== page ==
The separation of powers

16.1       Under the constitutional doctrine of the separation of powers, parliaments make laws, the executive administers or enforces laws, and the judiciary adjudicates disputes about the law. The doctrine is reflected in the structure of the Australian Constitution: Chapter I is entitled ‘The Parliament’; Chapter II, ‘The Executive Government; and Chapter III, ‘The Judicature’. But these powers are not as separate and the distinctions not as clear as some might imagine. For one thing, in Australia, members of the executive (the Cabinet and other government ministers) are also members of the legislature.

16.2       Nevertheless, from the separation of powers doctrine may be derived the principle that legislative power should not be inappropriately delegated to the executive. Although it is common for Parliament to delegate the power to make laws to the executive—not only to government ministers, but also government agencies such as the Australian Taxation Office and the Australian Securities and Investments Commission—this chapter is about when this would not be appropriate.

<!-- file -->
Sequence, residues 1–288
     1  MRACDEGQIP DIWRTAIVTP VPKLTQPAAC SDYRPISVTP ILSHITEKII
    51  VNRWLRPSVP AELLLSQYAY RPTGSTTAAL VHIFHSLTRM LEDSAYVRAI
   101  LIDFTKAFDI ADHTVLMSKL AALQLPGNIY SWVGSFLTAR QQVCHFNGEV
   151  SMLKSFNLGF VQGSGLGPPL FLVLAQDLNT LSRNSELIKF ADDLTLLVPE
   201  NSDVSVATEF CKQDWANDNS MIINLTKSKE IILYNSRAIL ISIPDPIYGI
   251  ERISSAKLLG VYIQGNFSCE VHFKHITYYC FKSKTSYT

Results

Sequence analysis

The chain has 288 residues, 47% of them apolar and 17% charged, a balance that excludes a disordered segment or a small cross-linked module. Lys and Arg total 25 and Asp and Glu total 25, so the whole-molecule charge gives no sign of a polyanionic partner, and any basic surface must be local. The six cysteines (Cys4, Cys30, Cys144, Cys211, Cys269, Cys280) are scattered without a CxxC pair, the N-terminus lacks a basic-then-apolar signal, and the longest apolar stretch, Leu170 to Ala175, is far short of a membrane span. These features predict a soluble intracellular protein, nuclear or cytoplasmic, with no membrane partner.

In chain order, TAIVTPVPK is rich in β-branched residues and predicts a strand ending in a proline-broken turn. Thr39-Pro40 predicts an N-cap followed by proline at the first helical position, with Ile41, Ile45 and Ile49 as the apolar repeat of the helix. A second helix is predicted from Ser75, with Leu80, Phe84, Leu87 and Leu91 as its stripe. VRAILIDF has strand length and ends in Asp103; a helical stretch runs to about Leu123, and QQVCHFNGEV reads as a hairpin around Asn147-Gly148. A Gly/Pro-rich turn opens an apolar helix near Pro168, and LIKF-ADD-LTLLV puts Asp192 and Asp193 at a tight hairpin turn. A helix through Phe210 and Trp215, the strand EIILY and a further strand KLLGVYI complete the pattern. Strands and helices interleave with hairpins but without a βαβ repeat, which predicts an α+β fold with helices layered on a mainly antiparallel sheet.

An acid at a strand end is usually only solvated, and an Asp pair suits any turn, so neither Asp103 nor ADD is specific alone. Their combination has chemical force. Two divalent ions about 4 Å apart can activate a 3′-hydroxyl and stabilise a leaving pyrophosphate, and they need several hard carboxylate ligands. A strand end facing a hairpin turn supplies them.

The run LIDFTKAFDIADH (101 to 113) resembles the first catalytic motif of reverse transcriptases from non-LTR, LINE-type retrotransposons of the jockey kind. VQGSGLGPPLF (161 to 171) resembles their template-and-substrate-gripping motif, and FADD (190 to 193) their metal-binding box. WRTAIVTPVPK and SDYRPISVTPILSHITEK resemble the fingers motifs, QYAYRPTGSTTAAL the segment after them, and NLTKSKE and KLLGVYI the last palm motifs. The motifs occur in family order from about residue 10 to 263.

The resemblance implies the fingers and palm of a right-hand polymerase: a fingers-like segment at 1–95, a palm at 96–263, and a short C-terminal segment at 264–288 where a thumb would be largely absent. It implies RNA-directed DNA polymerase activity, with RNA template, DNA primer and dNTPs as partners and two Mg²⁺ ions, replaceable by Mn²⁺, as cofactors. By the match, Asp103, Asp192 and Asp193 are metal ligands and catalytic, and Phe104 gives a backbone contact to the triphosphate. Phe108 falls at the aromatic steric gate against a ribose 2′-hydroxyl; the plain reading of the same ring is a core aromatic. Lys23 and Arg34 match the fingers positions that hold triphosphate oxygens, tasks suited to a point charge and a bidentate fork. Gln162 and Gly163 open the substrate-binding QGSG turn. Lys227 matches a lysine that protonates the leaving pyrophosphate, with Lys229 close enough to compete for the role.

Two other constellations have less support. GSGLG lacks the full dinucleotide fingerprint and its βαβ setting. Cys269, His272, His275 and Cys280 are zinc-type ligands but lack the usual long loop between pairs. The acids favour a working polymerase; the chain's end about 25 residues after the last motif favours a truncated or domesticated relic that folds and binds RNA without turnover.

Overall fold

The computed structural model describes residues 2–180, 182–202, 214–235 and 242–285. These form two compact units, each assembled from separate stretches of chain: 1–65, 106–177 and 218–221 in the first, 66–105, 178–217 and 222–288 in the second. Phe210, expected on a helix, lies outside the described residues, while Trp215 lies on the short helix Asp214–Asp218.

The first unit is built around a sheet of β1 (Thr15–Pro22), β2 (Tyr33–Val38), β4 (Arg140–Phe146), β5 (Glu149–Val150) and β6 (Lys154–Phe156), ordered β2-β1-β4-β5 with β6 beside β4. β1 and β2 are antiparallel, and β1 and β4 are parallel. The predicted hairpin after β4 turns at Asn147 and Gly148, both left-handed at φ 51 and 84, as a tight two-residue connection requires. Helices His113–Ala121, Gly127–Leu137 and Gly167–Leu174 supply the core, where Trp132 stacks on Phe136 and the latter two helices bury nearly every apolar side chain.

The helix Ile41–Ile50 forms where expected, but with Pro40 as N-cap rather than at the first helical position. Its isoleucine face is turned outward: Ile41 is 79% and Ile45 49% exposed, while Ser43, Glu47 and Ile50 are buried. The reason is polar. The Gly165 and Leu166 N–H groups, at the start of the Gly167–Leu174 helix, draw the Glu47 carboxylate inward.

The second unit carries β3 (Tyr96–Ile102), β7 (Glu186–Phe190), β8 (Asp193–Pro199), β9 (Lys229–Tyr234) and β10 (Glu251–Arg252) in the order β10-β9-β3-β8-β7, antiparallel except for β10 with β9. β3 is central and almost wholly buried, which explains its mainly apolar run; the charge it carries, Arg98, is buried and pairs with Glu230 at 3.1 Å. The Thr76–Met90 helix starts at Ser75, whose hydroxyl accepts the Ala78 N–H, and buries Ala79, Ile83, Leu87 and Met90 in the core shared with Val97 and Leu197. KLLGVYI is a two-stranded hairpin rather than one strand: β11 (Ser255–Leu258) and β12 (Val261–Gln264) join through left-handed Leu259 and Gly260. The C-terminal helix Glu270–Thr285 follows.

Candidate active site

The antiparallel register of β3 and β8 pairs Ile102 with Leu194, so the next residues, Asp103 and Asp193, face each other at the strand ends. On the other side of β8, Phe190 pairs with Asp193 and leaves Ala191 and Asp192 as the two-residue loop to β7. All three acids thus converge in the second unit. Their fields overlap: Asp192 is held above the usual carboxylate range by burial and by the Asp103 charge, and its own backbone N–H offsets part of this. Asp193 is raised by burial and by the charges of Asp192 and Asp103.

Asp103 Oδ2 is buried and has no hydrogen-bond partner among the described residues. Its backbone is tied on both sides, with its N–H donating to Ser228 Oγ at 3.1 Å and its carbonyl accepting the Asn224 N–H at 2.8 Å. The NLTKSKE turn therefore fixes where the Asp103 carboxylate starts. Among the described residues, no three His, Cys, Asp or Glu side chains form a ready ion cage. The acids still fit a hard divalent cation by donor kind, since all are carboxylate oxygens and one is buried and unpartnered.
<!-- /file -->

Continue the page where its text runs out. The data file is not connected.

16.3       This chapter is concerned with laws that delegate legislative power, rather than with laws that give ministers and government agencies executive power. There may be no bright line between legislative and executive power, but the distinction is ‘essentially between the creation or formulation of new rules of law having general application and the application of those general rules to particular cases’.[1] Creating new rules of law of general application is traditionally the role of Parliament.